A Thrones prequel about Robert's Rebellion, a war frequently referred to in Thrones, is one concept being explored, EW says, adding that all of the ideas currently being considered would be prequels rather than sequels or direct spinoffs. At one point, there were five Thrones scripts at "various stages of development" at HBO, as Martin revealed in 2017, though it wasn't clear whether more than one of them would actually end up on the air. House of the Dragon ended up moving forward, but another Thrones spinoff was scrapped in 2019 after already filming a pilot episode.

But it sounds like HBO is still interested in the idea of multiple Thrones series, as it evidently looks to go all in on the franchise and bet viewers disappointed by the original show's finale will return. Brendan Morrow

3:21 p.m.

It's the end of a very caffeinated era.

When former President Donald Trump occupied the Oval Office, he quite literally had a button on his desk that ordered a Diet Coke to the room whenever it was pressed. But as a glimpse at President Biden's desk just hours after his inauguration shows, the soda-summoning button is gone.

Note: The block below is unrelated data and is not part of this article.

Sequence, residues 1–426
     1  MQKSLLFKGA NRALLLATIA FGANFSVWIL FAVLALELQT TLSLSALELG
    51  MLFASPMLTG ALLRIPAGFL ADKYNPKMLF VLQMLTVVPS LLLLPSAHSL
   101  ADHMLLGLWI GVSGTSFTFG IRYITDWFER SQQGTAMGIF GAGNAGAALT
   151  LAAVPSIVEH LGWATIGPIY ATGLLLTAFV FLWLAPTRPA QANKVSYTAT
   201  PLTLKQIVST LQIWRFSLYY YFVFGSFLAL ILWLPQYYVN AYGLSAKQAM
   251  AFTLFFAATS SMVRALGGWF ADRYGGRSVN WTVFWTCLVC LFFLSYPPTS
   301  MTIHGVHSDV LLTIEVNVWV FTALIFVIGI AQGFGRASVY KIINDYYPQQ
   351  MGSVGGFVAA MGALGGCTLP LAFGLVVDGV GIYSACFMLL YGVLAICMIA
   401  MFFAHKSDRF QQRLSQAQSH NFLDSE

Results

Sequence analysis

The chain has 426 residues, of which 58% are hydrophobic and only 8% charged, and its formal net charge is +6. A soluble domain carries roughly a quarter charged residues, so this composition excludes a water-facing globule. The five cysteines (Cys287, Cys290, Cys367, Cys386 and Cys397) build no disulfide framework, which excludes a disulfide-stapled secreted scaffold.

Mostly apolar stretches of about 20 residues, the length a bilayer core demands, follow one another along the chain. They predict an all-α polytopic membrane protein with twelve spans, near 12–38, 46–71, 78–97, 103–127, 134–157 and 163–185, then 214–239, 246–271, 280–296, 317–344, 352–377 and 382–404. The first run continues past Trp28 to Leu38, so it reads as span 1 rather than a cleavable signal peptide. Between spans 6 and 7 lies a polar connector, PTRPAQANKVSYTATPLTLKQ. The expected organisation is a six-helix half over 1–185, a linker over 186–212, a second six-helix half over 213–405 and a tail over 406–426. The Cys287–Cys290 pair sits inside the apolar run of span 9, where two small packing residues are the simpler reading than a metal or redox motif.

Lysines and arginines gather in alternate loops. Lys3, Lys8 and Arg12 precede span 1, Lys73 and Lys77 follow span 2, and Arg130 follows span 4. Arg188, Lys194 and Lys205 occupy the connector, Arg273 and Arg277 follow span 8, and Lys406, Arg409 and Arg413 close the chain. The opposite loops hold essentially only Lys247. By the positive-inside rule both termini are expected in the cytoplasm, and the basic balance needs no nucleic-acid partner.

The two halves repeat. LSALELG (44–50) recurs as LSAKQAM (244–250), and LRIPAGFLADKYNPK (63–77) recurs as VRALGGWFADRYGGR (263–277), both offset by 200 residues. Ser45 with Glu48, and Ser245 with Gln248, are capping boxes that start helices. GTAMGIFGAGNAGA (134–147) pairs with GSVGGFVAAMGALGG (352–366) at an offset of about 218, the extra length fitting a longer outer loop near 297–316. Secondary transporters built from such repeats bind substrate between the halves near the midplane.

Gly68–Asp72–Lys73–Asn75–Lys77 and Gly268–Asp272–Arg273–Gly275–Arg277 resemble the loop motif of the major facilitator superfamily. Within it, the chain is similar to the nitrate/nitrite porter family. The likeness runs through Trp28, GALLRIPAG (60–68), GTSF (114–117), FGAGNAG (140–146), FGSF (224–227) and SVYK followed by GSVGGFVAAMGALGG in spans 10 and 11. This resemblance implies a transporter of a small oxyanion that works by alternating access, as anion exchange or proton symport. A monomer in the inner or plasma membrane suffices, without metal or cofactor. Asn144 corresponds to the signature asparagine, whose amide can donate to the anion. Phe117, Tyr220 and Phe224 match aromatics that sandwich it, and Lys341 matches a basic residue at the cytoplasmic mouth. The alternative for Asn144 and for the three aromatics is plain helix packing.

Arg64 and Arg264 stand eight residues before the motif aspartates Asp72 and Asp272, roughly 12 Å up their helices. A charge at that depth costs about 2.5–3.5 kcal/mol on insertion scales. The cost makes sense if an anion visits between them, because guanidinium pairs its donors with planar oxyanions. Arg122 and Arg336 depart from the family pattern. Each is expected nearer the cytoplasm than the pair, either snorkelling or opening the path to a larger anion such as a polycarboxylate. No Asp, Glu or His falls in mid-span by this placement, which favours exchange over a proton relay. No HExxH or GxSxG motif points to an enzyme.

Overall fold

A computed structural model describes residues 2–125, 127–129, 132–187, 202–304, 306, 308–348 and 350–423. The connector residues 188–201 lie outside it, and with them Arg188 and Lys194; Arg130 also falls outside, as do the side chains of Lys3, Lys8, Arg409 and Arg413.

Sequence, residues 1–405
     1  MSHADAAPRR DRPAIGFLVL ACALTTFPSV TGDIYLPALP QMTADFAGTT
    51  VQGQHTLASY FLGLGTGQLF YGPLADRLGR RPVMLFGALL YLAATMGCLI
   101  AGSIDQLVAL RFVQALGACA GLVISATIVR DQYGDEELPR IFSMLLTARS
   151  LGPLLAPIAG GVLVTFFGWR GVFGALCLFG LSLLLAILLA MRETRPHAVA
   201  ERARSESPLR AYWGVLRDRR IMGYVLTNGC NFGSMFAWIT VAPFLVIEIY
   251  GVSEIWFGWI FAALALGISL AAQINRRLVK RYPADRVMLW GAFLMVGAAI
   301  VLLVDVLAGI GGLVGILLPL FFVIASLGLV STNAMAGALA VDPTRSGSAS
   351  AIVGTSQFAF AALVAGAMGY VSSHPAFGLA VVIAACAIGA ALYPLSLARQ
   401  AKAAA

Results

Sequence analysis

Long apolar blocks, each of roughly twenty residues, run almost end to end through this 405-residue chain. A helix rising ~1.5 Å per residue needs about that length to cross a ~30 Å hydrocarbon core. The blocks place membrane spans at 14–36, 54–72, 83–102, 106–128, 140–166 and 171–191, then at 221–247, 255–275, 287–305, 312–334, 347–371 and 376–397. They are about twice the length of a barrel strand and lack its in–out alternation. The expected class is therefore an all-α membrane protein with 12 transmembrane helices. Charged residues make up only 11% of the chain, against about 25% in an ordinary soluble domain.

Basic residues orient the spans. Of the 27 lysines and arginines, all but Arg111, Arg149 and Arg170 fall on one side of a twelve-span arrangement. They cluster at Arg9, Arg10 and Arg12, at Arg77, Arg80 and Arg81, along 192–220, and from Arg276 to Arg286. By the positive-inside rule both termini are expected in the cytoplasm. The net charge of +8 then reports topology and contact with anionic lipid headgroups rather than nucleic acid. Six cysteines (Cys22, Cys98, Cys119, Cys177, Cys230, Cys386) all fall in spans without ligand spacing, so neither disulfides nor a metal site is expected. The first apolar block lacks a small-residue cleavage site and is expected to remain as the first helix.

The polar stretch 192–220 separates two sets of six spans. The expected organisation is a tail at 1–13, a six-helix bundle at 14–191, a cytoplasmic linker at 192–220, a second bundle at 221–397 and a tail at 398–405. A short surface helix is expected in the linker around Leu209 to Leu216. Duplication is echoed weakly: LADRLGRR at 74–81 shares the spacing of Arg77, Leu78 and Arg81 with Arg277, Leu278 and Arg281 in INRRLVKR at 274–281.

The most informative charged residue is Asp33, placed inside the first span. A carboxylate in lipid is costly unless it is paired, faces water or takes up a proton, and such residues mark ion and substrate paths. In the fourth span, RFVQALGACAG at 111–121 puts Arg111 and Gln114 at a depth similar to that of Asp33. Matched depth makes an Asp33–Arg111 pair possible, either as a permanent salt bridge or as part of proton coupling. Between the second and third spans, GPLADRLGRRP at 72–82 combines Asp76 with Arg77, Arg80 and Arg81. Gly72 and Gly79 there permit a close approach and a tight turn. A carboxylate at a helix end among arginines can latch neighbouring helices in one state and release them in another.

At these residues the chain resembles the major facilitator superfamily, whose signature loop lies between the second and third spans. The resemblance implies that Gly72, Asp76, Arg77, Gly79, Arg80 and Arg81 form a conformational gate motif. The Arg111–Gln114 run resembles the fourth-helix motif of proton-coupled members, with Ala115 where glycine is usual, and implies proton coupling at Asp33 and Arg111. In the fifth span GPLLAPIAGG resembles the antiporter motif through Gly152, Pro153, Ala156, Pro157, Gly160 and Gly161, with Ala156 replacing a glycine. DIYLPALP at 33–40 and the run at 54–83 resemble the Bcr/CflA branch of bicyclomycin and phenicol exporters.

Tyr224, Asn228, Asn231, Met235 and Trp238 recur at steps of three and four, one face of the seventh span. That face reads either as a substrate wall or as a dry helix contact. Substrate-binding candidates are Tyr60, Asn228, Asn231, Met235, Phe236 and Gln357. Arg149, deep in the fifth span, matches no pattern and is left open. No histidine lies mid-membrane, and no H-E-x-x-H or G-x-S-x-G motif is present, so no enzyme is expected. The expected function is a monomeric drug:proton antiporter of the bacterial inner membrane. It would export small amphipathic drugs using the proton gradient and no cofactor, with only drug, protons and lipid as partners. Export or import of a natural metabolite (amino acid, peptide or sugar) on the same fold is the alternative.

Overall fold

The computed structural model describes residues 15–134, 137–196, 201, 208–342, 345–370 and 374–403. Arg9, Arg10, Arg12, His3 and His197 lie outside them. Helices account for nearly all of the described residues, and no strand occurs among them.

While it may have sounded just too weird to be true, Trump's Diet Coke obsession and his button to match were absolutely real. No word on if Biden will install some kind of ice cream-ordering alternative. Kathryn Krawczyk

2:13 p.m.

Facebook's oversight board has taken on a major case, as it's set to review the company's decision to boot the president of the United States from its platform.

Facebook announced Thursday it has referred its decision to indefinitely suspend former President Donald Trump's account to the Facebook independent Oversight Board, which has accepted the case.